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    Across most of Europe, Green parties are middling political forces, periodic junior partners in coalitions or the occasion to cast a protest vote for disgruntled left-wingers. And yet in prosperous Germany, Annalena Baerbock could well be Angela Merkel’s successor at the chancellorship. Formed at the dawn of the environmental and anti-nuclear geist of the 70s, the party was in principle opposed to capitalism, NATO and the very idea of having armed forces (Bundeswehr). Fast forward to today and the the Greens have become mainstream and established. In ten of the sixteen länders, they are junior coalition partners with the far-left, the S&D, the liberals or the Christian democrats. They even lead the regional government of the traditionally right-wing state of Baden-Württemberg, a proof that the once fringe party has the chops to seduce conservative voters. With the upcoming federal race in September, a return to the federal executive seems likely, perhaps even as a senior coalition partner. What’s behind the Greens’ surge, and what could it mean for the broader European landscape? Back with us to answer is Green MEP Reinhard Bütikofer and Sudha David-Wilp, deputy director of the German Marshall Fund’s Berlin Office. As always, rate and review Uncommon Decency on Apple Podcasts, and send us your comments or questions at @UnDecencyPod or uncommondecencypod@gmail.com.
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    Listeners may recall Peter Mandelson, the veteran UK Cabinet Secretary appointed EU Commissioner for Trade in the late 2000s upon helping orchestrate Labour’s social-liberal pivot as one of Tony Blair’s “spin doctors”. Mandelson’s incarnation of the party’s notorious “Third Way” didn’t just owe to his Europhile credentials and support for Blairite programs. By racking up a string of landslide victories in the northeastern constituency of Hartlepool, his career showcased Labour’s potential to press ahead with market-based and socially progressive reforms whilst retaining its historic foothold in working-class communities. Fast forward to May 6th this year, and the party’s gradual loss of its core electorate in the intervening decade was nowhere in better display than in the by-election that saw the Tories flip the Hartlepool seat with a voting share 23 points larger. The political realignment underway in British politics is often chalked up to Brexit and Jeremy Corbyn’s radical neo-socialism. Yet its contours are in fact proving deeper and more lasting, as voters get to weigh Boris Johnson’s promises to level up the North-South divide against Keir Starmer’s declared reversion to centrist politics. Beyond local variations, the trajectory for the working-class vote is one of unprecedented disaffection with Labour. This week's episode gauges the causes, extent and nuances of this trend with Paul Embery and Nick Timothy. As always, rate and review Uncommon Decency on Apple Podcasts, and send us your comments or questions at @UnDecencyPod or uncommondecencypod@gmail.com.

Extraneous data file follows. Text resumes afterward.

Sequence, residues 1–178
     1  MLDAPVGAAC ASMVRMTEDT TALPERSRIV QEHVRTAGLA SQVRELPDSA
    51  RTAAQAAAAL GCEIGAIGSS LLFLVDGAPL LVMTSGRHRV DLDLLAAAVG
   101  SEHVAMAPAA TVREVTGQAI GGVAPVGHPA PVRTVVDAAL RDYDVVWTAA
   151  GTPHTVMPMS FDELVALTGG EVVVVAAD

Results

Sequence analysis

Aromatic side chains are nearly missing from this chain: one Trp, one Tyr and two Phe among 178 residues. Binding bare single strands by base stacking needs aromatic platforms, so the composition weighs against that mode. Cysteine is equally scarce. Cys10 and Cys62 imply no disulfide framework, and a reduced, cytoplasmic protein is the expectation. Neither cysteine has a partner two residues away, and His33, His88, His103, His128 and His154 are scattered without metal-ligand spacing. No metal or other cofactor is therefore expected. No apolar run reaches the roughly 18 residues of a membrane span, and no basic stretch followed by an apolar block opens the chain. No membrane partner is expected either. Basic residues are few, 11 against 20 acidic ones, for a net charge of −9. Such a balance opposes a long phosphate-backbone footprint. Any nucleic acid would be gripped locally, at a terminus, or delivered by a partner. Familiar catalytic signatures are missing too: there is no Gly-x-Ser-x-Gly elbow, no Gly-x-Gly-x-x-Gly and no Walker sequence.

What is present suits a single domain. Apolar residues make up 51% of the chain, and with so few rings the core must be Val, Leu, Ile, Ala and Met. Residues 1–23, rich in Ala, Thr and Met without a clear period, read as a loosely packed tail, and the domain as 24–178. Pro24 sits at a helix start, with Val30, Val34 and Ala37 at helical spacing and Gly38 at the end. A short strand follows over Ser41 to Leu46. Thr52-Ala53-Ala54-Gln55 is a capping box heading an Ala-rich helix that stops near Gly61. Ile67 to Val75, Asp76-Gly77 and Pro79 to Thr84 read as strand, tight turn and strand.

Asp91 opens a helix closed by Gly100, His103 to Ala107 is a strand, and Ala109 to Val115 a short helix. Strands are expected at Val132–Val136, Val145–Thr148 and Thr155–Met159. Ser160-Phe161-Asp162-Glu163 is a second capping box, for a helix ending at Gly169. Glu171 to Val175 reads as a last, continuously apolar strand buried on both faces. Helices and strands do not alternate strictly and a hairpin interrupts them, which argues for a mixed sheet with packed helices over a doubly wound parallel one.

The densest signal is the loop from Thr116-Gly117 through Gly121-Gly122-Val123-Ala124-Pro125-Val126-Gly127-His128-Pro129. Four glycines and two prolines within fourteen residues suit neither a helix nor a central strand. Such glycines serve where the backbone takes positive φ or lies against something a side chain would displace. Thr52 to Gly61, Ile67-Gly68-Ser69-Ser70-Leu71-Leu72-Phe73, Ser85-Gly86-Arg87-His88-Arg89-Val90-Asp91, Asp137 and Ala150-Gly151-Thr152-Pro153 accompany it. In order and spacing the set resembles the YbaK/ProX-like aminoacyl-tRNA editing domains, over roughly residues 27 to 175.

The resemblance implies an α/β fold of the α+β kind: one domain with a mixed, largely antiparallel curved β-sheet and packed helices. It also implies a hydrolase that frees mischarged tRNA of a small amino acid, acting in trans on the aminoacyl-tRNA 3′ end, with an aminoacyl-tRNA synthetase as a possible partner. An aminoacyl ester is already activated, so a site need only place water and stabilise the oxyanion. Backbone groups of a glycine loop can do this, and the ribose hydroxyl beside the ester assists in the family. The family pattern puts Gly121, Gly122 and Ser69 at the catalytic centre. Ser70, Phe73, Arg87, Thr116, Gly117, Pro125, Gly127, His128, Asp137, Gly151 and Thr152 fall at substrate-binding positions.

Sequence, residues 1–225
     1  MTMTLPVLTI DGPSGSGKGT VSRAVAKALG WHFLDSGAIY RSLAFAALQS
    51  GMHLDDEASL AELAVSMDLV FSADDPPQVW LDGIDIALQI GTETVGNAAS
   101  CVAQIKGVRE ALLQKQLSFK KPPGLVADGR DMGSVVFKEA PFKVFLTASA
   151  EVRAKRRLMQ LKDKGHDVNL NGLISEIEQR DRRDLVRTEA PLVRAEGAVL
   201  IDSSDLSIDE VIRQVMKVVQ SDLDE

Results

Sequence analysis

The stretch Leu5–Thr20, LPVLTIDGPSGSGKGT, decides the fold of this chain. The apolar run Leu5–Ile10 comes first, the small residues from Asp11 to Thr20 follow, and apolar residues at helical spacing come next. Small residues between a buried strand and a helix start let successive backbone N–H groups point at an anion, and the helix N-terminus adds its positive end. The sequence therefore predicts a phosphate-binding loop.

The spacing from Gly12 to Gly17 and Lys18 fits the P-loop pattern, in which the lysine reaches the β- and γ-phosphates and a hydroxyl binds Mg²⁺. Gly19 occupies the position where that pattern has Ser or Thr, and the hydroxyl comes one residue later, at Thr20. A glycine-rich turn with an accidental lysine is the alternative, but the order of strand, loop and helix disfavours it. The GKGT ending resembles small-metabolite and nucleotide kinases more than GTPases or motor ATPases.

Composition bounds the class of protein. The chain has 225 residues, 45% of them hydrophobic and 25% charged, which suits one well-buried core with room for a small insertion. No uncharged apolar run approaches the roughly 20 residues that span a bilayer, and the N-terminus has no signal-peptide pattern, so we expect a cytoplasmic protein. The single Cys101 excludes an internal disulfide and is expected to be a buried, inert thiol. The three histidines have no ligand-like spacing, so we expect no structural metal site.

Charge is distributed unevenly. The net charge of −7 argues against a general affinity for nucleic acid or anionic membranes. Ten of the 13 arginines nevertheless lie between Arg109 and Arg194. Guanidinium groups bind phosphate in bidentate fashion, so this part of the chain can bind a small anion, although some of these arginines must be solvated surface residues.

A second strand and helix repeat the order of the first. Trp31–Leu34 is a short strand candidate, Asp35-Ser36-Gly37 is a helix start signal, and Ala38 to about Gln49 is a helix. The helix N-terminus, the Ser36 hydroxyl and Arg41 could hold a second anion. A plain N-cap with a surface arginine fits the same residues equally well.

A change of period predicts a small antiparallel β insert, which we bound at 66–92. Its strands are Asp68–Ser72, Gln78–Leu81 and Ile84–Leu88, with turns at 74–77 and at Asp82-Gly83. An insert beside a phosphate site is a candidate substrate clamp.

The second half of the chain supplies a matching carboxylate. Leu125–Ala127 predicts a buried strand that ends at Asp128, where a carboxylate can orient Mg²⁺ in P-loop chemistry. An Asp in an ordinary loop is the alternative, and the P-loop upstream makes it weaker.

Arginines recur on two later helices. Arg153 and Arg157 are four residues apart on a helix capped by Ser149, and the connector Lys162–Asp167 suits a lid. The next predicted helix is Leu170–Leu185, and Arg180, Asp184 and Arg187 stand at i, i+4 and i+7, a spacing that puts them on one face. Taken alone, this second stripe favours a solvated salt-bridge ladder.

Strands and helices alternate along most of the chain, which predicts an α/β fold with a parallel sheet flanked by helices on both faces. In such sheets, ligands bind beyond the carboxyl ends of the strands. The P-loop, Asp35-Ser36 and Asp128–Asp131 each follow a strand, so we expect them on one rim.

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    30. France's Forever Wars in the Sahel, with Gérard Araud & Michael Shurkin